Moreover, Brown excels in interpreting the musical texts themselves. Here, much as in the line of hymnological methodology, an accurate understanding of the text is key. Indeed, Brown's exemplary execution of this enterprise may serve as an apex of this type of scholarly consideration. His interpretations are fluid, cogent and insightful, especially when discussing music in the public sphere. In these readings, the author clearly demonstrates the link between the public and private domains by examining the text in conjunction with the public proclamation of spiritual ideals. These ideals (expressed in both text and melody), when brought to the household, "helped to integrate the household religiosity ... across social lines" (p. 109). Unfortunately, however, by excluding an examination of Mathesius' sermons based on chorale texts, Brown misses an opportunity to demonstrate the intersection of print, hymn, sermon, piety and their reception/use in both public and private spheres.
The book has a strong affinity to and context within the field of the Reformation history, but Brown could have enhanced the relevance of his results by aligning his research with similar musicological works. The lack of connection to the arguments in Butler's seminal dissertation causes him to neglect key points of church music and its political regulation. (This comparison is crucial, considering that both cities adopted Luther's reforms similarly). A discussion demonstrating the influence of the Berg and Neuber printing dynasty as the primary publisher of Mathesius's writings would have provided greater depth as well--especially concerning the broader dissemination of Mathesius's views in evangelical areas. A comparison to Ronald Lee Gould's important study of Wittenberg's early musical and liturgical efforts could have provided another point of comparison on the unique manner with which these issues were handled locally. Brown's reliance on older musicological secondary literature is thus problematic.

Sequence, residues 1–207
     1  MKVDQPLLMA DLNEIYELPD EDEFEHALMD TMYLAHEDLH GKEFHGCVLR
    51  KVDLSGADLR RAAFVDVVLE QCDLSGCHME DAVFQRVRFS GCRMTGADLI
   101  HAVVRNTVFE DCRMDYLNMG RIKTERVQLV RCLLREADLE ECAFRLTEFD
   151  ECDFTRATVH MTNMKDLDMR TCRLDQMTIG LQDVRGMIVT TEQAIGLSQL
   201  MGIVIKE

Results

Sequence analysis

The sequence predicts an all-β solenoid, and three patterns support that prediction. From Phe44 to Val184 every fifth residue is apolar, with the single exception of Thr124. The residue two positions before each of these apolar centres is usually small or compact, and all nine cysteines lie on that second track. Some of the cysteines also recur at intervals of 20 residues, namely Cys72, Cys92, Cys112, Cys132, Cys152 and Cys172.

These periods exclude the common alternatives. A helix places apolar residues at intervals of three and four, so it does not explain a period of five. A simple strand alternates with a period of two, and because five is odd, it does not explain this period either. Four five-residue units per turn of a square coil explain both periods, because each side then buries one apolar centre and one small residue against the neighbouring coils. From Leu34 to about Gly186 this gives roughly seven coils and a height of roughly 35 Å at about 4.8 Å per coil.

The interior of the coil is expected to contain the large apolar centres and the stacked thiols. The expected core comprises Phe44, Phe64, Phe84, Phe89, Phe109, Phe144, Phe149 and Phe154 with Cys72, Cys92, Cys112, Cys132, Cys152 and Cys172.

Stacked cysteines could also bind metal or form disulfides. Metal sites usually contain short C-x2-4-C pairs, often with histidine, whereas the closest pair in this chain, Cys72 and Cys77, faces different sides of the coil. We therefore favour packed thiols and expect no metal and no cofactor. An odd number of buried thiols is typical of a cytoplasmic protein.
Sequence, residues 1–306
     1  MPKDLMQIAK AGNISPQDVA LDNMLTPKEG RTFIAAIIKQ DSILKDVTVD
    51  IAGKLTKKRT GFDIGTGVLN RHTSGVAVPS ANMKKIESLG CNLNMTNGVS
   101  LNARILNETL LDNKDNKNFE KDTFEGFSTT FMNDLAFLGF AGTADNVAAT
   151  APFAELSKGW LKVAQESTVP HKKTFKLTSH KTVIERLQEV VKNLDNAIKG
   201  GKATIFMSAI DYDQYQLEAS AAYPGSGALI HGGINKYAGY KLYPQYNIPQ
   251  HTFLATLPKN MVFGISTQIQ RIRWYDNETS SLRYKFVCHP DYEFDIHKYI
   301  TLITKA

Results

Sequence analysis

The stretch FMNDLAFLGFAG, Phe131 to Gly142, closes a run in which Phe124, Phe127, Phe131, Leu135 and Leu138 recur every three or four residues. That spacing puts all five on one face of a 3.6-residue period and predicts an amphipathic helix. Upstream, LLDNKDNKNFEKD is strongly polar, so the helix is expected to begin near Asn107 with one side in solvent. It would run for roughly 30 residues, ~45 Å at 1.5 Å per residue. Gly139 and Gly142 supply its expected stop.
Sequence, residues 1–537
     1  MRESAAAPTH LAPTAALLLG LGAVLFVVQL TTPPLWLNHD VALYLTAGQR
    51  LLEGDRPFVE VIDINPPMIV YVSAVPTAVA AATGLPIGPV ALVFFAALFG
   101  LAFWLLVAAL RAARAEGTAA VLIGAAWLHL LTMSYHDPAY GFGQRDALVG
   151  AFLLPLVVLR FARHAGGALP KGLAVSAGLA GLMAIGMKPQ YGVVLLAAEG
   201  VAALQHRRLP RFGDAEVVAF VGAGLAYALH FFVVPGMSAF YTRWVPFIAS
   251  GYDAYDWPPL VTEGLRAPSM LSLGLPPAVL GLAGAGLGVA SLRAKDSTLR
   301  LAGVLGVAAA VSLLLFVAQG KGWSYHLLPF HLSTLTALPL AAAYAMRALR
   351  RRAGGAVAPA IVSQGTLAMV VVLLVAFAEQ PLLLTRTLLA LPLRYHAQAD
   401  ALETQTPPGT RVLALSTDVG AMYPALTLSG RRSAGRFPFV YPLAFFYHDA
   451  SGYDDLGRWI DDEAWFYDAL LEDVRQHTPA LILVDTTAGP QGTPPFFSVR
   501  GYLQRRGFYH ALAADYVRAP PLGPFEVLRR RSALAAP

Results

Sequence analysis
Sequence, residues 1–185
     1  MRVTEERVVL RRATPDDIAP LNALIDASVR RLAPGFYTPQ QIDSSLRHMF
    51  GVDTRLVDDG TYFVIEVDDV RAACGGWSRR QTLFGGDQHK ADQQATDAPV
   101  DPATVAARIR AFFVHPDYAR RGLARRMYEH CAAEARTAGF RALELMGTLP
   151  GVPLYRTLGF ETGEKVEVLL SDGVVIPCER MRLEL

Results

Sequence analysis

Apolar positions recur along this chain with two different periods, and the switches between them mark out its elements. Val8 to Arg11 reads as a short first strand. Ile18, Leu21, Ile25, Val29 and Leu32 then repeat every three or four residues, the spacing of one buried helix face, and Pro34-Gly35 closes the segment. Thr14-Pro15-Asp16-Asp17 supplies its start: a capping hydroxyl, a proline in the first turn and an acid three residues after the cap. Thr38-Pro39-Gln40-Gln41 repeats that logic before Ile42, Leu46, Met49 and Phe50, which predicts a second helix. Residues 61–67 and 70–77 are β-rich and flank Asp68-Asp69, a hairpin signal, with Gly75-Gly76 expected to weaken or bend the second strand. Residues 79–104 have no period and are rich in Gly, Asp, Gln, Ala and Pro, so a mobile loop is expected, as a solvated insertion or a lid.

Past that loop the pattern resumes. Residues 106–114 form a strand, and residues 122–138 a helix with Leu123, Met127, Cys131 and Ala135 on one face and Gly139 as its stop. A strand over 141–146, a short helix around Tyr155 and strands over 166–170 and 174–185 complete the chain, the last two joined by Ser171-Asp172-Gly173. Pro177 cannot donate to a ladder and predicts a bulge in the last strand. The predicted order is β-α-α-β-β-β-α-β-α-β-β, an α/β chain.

Despite some missed opportunities, Brown's book provides the heretofore strongest discussion of evangelical hymn use. He brings together a discussion of many of the assumptions that hymnological and musicological researchers have batted about for decades (which Reformation scholarship has yet to integrate fully) into a cogent, well-documented study of the effects of hymn singing in a small evangelical town.
. This volume is a condensation of the author's 2001 dissertation, "Singing the Gospel: Lutheran Hymns and the Success of the Reformation in Joachimsthal" (Ph.D. diss., Harvard, 2001). Readers whose interests lie in this area would be well advised to consult that work as a companion volume for a fuller demonstration of Brown's acumen.
. Bartlett Butler, "Liturgical Music in Sixteenth-Century Nuremberg: A Socio-Musical Study" (Ph.D. diss., University of Minnesota, 1970).
. Rebecca Oettinger, Music as Propaganda in the German Reformation (Burlington: Ashgate, 2001).
. Susan Jackson, "Berg and Neuber: Music Printers in Sixteenth-Century Nuremberg" (Ph.D. diss., City University of New York, 1998).
. Ronald Lee Gould, "The Latin Lutheran Mass at Wittenberg 1523-1545: A Survey of the Early Reformation Mass and the Lutheran Theology of Music, As Evidenced in the Liturgical Writings of Martin Luther, the Relevant 'Kirchenordnungen,' and the Georg Rhau 'Musikdrücke' for the 'Hauptgottesdienst'" (S.M.D. Diss., Union Theological Seminary, 1970).
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Gary Beckman. Review of Brown, Christopher Boyd, Singing the Gospel: Lutheran Hymns and the Success of the Reformation.